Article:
Madoff’s Follies

Exhibit on Ponzi schemer opens at National Museum on Crime and Punishment

Bernie Madoff / AP
May 21, 2013

Bernie Madoff joined the most notorious criminals in U.S. history, becoming a permanent fixture at the National Museum of Crime and Punishment on Tuesday.

The new Madoff exhibit contains personal and business items from the career of a man who defrauded thousands of investors out of billions of dollars, such as the master key to Madoff’s investment securities offices in Manhattan, letters he wrote from his prison cell, and a personalized baseball bat he received from Fred Wilpon, owner of the New York Mets and cofounder of a financial firm that lost hundreds of millions in Madoff’s funds.

Janine Vaccarello, chief operating officer of the museum, said she consulted victims and family members of Madoff, including his son Andrew, to compile items for the exhibit.

"[Andrew] still does not talk to his father. He was greatly impacted though his division was innocent," she said.

Many of Madoff’s former employees were unaware of the scheme and remain unemployed, she said.

Madoff pleaded guilty on March 12, 2009, to defrauding about 4,500 total investors in an elaborate Ponzi scheme in which he paid off clients with money from other investors rather than profits. He was sentenced to the maximum 150 years in prison.

Fourteen people have been arrested and charged with crimes related to the Madoff scheme, according to James Barnacle, supervisory special agent of the FBI Economic Crimes Unit.

Madoff’s other son, Mark, committed suicide on Dec. 11, 2010, the two-year anniversary of his father’s arrest. Andrew Madoff received a hand-written letter from his father, which is now in the exhibit, a year later.

"Andy, I’m so sorry for everything. Please never forget how much I love you and Mark," the letter says.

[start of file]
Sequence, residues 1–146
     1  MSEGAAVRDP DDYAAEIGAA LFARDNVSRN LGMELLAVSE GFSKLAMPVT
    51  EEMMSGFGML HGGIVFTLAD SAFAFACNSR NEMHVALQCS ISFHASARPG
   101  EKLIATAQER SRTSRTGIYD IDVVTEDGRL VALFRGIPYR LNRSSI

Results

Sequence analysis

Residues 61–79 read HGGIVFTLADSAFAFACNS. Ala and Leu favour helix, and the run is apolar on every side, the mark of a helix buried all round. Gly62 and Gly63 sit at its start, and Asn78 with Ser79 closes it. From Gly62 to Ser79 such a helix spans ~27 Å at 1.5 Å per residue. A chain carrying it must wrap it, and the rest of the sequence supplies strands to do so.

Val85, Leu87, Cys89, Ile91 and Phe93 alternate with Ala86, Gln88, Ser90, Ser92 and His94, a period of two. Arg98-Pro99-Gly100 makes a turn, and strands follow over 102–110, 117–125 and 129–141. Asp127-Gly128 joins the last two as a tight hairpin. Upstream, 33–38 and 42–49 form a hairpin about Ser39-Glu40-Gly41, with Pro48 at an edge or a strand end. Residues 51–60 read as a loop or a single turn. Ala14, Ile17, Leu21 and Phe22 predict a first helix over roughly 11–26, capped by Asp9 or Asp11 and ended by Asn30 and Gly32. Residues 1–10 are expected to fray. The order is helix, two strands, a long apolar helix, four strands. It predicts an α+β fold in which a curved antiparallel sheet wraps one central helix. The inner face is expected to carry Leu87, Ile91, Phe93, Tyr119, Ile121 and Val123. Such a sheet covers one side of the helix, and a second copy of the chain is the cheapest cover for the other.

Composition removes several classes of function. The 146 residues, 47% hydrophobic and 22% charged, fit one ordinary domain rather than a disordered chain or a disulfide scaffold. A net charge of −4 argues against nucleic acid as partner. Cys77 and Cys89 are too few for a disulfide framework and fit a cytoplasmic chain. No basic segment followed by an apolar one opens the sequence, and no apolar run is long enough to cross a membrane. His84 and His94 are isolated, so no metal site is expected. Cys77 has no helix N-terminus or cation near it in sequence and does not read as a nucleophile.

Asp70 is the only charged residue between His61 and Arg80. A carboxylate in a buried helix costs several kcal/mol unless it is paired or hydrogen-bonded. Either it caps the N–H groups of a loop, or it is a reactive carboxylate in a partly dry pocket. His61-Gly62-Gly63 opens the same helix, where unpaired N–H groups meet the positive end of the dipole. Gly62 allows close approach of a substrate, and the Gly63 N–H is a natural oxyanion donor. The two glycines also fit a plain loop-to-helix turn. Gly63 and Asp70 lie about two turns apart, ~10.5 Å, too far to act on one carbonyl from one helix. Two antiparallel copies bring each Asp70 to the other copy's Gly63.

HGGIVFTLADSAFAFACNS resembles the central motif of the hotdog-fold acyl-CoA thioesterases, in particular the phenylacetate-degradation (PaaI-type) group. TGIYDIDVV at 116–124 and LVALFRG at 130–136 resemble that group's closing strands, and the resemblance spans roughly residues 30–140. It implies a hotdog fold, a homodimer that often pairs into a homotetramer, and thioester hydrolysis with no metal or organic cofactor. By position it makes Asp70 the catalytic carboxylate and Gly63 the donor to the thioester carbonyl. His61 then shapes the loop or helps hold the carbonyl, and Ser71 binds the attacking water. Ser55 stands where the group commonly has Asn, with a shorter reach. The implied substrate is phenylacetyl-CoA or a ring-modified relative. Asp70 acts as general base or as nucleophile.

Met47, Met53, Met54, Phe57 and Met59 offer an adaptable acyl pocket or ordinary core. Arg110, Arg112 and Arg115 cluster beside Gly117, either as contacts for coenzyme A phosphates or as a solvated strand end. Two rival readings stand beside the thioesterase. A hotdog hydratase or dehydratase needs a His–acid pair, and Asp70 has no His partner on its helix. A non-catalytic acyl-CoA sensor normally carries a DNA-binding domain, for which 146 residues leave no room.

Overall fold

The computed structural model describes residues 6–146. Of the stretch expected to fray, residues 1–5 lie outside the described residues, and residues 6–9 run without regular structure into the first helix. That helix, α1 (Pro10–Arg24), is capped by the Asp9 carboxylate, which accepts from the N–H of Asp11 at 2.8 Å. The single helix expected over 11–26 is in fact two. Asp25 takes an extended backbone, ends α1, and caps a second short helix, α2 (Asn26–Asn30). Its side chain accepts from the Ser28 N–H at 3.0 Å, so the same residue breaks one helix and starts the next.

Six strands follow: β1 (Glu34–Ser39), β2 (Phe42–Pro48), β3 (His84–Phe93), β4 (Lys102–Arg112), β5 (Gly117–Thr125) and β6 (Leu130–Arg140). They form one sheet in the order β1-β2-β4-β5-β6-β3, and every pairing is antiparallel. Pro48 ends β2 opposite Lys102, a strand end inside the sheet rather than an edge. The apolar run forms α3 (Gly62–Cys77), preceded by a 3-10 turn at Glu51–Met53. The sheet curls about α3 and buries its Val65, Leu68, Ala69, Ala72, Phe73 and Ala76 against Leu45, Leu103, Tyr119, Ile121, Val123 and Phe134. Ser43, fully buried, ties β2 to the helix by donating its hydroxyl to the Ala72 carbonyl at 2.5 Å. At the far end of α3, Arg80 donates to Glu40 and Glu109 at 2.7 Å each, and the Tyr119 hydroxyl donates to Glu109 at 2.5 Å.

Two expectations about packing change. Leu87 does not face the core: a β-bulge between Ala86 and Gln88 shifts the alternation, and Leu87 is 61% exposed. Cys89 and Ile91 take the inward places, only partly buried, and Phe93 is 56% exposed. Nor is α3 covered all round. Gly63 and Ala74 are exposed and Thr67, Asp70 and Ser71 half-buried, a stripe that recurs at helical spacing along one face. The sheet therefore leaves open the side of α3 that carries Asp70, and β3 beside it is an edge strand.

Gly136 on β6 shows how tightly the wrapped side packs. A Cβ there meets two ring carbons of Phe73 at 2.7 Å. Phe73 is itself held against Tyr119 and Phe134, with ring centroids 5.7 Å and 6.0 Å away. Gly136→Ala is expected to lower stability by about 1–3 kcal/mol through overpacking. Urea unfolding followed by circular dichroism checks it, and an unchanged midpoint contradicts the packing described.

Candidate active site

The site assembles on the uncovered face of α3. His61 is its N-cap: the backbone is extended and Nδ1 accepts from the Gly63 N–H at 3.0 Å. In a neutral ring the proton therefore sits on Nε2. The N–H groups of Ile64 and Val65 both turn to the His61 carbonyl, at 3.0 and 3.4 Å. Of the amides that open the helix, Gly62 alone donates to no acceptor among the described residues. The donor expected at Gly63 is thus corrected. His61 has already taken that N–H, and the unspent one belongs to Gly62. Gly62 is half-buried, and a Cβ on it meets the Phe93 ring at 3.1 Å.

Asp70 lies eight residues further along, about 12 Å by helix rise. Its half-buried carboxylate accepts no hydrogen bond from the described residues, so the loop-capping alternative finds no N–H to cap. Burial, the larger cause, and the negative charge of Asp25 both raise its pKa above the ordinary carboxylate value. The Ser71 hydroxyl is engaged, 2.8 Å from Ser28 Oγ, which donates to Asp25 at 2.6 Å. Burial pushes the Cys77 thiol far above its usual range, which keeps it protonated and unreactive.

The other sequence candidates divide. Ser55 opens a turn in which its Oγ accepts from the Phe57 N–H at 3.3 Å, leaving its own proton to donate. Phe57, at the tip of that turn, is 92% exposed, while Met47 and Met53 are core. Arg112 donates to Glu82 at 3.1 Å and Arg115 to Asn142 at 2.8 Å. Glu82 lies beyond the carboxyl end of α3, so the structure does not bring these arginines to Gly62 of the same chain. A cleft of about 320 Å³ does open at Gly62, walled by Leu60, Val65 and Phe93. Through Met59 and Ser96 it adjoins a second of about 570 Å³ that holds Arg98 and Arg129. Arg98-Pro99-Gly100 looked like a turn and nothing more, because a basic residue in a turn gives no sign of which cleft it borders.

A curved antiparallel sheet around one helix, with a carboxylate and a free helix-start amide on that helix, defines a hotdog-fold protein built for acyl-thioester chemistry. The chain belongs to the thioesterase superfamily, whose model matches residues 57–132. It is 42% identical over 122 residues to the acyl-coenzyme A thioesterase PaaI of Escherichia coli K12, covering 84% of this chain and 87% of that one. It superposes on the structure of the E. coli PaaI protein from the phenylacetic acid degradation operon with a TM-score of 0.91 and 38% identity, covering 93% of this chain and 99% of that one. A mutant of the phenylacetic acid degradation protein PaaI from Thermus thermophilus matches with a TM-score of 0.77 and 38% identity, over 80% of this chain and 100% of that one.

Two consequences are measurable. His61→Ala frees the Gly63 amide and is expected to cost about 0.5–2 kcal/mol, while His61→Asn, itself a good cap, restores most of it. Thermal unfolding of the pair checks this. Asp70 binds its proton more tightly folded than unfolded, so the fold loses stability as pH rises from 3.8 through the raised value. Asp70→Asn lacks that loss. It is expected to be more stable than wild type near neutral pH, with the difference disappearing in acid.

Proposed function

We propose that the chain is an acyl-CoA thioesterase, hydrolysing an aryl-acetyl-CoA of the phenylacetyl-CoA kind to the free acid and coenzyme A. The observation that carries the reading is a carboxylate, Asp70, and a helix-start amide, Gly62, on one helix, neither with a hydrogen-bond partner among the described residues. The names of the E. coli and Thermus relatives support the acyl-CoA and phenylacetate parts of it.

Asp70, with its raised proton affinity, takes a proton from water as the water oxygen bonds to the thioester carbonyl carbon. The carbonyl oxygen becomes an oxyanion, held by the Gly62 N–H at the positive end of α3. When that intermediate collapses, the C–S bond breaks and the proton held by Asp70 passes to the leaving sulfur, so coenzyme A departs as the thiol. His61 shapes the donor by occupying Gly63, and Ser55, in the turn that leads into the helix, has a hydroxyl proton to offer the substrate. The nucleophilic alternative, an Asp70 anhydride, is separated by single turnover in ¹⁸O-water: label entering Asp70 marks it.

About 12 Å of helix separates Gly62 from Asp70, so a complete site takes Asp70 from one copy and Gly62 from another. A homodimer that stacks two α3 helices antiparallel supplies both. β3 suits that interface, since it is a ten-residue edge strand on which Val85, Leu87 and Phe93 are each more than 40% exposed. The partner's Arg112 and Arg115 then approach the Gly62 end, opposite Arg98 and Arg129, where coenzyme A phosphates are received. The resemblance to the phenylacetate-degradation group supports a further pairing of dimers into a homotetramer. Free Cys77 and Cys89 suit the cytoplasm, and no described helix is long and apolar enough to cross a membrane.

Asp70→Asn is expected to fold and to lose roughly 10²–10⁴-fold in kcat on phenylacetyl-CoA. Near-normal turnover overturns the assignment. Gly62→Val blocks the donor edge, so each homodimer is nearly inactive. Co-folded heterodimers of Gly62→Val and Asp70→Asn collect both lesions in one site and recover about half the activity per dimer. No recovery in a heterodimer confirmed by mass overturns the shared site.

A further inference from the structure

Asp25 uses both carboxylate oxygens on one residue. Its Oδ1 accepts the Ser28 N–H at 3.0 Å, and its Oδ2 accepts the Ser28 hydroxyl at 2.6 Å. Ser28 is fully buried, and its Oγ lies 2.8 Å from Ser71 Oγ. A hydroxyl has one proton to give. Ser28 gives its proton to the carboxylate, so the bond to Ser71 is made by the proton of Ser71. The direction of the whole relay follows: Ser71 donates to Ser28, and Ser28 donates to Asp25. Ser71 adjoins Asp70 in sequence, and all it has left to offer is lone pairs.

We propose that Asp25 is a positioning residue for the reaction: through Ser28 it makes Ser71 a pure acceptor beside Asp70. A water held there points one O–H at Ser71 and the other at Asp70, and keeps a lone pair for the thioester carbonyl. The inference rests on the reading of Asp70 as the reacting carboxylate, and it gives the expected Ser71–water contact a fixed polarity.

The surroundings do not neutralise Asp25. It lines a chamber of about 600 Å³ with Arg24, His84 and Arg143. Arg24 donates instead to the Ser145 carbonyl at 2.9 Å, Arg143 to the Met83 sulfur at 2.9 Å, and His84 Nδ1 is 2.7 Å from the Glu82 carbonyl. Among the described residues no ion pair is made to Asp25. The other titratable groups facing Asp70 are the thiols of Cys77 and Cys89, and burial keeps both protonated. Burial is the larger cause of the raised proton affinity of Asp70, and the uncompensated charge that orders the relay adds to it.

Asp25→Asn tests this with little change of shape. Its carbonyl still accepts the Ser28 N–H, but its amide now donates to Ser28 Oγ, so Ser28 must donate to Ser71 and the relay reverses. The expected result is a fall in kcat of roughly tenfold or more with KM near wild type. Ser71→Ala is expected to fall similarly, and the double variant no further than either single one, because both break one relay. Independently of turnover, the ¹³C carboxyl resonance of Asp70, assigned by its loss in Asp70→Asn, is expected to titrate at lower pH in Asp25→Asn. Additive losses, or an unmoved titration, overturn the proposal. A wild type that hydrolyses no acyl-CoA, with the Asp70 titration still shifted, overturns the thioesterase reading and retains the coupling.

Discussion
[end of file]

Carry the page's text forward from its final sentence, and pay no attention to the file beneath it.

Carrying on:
Madoff said he feels responsible for his son’s suicide in a recent phone interview with CNNMoney from the Butner Federal Correctional Complex in North Carolina.

"I was responsible for my son Mark's death and that's very, very difficult," he said. "I live with that. I live with the remorse, the pain I caused everybody, certainly my family, and the victims."

Victims of Madoff’s scheme continue to seek legal retribution for the loss of their savings and retirement income. Barnacle said about $3.5 billion has been returned to victims, though the entire Ponzi scheme is believed to have defrauded investors of more than $65 billion.

The U.S. Court of Appeals for the Second Circuit last month rejected a suit by victims of Madoff against the Securities and Exchange Commission for failing to detect the scheme. The court expressed sympathy for the victims and lamented the SEC’s "regrettable inaction" in its ruling.

A 2009 Inspector General’s report found the SEC failed to uncover Madoff’s scheme despite three examinations, two investigations, and six substantive complaints between June 1992 and December 2008. Madoff eventually admitted the crime to his two sons, who alerted federal authorities in 2008.

The Madoff exhibit is adjacent to a display for former conman Frank Abagnale, who was portrayed by Leonardo DiCaprio in the 2002 film Catch Me If You Can.